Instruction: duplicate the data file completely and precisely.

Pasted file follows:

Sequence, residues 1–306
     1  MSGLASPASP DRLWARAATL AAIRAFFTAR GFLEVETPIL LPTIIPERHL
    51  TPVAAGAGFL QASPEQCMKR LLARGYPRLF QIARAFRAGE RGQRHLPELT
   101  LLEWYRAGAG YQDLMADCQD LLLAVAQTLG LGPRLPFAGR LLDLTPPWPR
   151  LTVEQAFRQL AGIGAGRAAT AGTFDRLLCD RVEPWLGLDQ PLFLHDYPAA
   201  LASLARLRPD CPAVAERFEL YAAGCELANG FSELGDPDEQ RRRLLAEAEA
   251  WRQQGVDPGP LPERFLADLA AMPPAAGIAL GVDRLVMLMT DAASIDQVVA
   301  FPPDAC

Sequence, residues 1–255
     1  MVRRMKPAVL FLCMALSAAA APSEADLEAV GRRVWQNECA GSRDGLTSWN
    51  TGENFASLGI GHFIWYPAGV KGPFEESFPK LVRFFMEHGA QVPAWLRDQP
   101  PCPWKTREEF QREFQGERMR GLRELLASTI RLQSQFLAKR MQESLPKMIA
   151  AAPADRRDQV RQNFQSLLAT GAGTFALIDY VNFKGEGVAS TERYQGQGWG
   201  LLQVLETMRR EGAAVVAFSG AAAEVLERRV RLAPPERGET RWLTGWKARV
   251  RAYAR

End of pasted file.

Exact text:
Sequence, residues 1–306
     1  MSGLASPASP DRLWARAATL AAIRAFFTAR GFLEVETPIL LPTIIPERHL
    51  TPVAAGAGFL QASPEQCMKR LLARGYPRLF QIARAFRAGE RGQRHLPELT
   101  LLEWYRAGAG YQDLMADCQD LLLAVAQTLG LGPRLPFAGR LLDLTPPWPR
   151  LTVEQAFRQL AGIGAGRAAT AGTFDRLLCD RVEPWLGLDQ PLFLHDYPAA
   201  LASLARLRPD CPAVAERFEL YAAGCELANG FSELGDPDEQ RRRLLAEAEA
   251  WRQQGVDPGP LPERFLADLA AMPPAAGIAL GVDRLVMLMT DAASIDQVVA
   301  FPPDAC

Sequence, residues 1–255
     1  MVRRMKPAVL FLCMALSAAA APSEADLEAV GRRVWQNECA GSRDGLTSWN
    51  TGENFASLGI GHFIWYPAGV KGPFEESFPK LVRFFMEHGA QVPAWLRDQP
   101  PCPWKTREEF QREFQGERMR GLRELLASTI RLQSQFLAKR MQESLPKMIA
   151  AAPADRRDQV RQNFQSLLAT GAGTFALIDY VNFKGEGVAS TERYQGQGWG
   201  LLQVLETMRR EGAAVVAFSG AAAEVLERRV RLAPPERGET RWLTGWKARV
   251  RAYAR